I once asked the Reb that most common of faith questions: why do bad things happen to good people? It had been answered countless times in countless ways; in books, in sermons, on Web sites, in tear-filled hugs. The Lord wanted her with him . . . He died doing what he loved . . . She was a gift . . . This is a test . . .
I remember a family friend whose son was struck with a terrible medical affliction. After that, at any religious ceremony—even a wedding—I would see the man out in the hallway, refusing to enter the service. “I just can’t listen to it anymore,” he would say. His faith had been lost.
When I asked the Reb, Why do bad things happen to good people?, he gave none of the standard answers. He quietly said, “No one knows.” I admired that. But when I asked if that ever shook his belief in God, he was firm.
“I cannot waver,” he said.
Well, you could, if you didn’t believe in something all-powerful.
“An atheist,” he said.
“And then I could explain why my prayers were not answered.”
He studied me carefully. He drew in his breath.
“I had a doctor once who was an atheist. Did I ever tell you about him?”
“This doctor, he liked to jab me and my beliefs. He used to schedule my appointments deliberately on Saturdays, so I would have to call the receptionist and explain why, because of my religion, that wouldn’t work.”
Nice guy, I said.
“Anyhow, one day, I read in the paper that his brother had died. So I made a condolence call.”
After the way he treated you?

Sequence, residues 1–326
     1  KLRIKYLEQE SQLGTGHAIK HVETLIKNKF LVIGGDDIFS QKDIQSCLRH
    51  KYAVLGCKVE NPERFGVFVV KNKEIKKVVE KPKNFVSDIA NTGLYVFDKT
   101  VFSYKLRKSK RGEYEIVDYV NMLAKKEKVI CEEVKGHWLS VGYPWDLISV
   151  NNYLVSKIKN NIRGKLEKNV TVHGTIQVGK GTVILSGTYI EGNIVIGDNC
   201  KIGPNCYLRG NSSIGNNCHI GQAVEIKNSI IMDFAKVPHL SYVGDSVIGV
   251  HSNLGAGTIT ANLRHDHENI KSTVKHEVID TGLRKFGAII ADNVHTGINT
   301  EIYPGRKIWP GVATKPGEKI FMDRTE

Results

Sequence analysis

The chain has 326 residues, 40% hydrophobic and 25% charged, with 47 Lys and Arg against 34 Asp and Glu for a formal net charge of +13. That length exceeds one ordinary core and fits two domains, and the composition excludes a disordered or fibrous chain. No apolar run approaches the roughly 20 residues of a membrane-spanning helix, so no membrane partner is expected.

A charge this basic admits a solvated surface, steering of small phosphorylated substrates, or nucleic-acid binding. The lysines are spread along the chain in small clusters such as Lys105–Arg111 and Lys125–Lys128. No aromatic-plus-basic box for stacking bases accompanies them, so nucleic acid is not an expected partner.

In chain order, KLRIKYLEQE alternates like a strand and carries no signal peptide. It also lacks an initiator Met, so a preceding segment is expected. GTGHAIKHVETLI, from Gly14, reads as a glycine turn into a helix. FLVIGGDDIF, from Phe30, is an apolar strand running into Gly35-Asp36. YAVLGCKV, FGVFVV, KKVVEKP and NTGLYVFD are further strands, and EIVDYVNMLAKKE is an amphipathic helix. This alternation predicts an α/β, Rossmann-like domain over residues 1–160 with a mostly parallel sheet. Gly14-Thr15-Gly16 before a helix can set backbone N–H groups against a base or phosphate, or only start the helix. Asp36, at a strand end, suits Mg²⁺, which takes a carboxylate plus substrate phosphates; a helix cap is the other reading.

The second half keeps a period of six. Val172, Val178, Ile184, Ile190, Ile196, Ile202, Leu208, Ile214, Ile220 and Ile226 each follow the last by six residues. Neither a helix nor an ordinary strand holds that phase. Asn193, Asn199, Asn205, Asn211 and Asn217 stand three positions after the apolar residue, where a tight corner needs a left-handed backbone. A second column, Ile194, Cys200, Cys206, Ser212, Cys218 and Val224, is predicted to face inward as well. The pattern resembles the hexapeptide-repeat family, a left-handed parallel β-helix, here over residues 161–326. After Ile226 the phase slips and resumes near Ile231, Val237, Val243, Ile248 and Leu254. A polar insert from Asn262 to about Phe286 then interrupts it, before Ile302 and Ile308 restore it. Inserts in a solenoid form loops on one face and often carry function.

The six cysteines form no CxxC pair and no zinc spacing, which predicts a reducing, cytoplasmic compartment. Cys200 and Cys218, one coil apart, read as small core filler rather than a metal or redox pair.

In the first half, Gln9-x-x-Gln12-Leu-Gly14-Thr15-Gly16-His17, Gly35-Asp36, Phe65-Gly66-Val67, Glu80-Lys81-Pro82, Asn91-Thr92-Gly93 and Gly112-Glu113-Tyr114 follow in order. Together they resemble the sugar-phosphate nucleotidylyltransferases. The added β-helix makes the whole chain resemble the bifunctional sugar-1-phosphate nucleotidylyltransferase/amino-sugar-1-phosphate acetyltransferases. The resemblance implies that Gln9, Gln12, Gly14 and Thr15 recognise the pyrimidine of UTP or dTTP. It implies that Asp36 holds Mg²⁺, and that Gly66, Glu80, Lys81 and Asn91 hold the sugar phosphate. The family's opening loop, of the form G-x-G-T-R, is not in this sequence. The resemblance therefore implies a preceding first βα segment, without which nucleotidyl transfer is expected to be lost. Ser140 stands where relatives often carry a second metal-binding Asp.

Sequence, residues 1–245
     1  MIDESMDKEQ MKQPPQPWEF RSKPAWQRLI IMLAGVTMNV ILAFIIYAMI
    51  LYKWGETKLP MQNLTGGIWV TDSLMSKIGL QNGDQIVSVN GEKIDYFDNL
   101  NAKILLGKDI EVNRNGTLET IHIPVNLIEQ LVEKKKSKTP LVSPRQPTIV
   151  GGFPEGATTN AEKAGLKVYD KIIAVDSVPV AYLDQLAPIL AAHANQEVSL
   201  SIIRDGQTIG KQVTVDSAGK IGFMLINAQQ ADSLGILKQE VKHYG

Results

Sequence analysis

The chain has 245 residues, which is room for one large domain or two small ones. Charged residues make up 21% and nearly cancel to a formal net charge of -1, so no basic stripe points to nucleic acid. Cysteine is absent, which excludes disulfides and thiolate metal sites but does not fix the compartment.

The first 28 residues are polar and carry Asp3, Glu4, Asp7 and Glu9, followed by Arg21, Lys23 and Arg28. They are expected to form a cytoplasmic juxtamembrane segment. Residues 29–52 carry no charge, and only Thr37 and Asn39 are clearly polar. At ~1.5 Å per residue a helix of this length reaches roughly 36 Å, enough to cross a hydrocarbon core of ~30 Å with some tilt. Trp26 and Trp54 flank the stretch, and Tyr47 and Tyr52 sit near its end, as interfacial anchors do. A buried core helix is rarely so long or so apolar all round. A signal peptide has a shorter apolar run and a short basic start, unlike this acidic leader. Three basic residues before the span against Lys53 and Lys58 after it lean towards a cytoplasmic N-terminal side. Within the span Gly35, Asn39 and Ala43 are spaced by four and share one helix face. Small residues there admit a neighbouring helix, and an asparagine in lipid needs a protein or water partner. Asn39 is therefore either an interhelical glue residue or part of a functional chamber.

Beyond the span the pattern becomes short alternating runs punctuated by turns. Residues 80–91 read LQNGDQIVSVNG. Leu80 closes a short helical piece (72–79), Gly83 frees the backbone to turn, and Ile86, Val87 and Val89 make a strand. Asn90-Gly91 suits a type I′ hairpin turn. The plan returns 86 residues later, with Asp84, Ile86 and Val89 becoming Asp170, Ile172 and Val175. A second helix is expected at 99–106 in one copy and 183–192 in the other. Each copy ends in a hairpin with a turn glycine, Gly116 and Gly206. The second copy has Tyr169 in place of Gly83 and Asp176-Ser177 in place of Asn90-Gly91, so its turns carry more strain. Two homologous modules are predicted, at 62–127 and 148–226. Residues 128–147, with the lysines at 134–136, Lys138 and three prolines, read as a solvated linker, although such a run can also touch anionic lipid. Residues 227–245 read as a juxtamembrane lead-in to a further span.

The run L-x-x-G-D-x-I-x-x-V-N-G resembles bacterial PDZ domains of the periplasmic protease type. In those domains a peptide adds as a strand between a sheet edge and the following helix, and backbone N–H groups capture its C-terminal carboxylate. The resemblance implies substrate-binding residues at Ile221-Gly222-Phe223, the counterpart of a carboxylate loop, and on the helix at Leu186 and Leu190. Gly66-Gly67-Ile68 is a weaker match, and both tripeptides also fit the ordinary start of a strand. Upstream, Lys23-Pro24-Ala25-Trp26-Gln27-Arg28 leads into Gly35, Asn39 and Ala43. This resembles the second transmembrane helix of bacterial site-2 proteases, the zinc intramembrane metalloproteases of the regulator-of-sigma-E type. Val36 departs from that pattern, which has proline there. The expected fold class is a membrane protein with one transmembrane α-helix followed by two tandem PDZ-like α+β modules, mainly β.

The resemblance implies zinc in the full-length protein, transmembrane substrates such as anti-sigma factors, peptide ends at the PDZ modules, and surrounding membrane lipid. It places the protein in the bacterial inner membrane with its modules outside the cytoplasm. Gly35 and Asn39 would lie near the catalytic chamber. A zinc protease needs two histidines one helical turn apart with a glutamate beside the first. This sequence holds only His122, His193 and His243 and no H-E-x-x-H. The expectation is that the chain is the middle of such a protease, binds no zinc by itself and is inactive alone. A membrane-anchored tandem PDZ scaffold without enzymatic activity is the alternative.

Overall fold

“In this job,” the Reb said, “you don’t retaliate.” I laughed.
“So I go to his house, and he sees me. I can tell he is upset. I tell him I am sorry for his loss. And he says, with an angry face, ‘I envy you.’
“ ‘Why do you envy me?’ I said.
“ ‘Because when you lose someone you love, you can curse God. You can yell. You can blame him. You can demand to know why. But I don’t believe in God.
I’m a doctor! And I couldn’t help my brother!’ “He was near tears. ‘Who do I blame?’ he kept asking me. ‘There is no God. I can only blame myself.’ ” The Reb’s face tightened, as if in pain. “That,” he said, softly, “is a terrible self-indictment.” Worse than an unanswered prayer? “Oh yes. It is far more comforting to think God listened and said no, than to think that nobody’s out there.” Questions for discussion:
- How do you answer the question, “why do bad things happen to good people?”
- As the Reb explains, “it is far more comforting to think God listened and said no, than to think nobody’s out there” Do you agree?
- In describing the journeys of faith taken by Rabbi Lewis and Pastor Henry Covington, Mitch Albom discusses his complicated relationship to his Jewish beliefs. Talking about one’s religious faith is a personal endeavor; do you find it easy or difficult to talk to others about religion, specifically your relationship to it? Are you comfortable discussing religion with someone with different beliefs?
- In continuation of the above question, do you think anyone can ever “win” a religious argument? What do you think lies at the core of disagreements about religion?
- Have you ever experienced a crisis of faith? How did you approach it? Was it resolved? Was there a lesson you took away from it?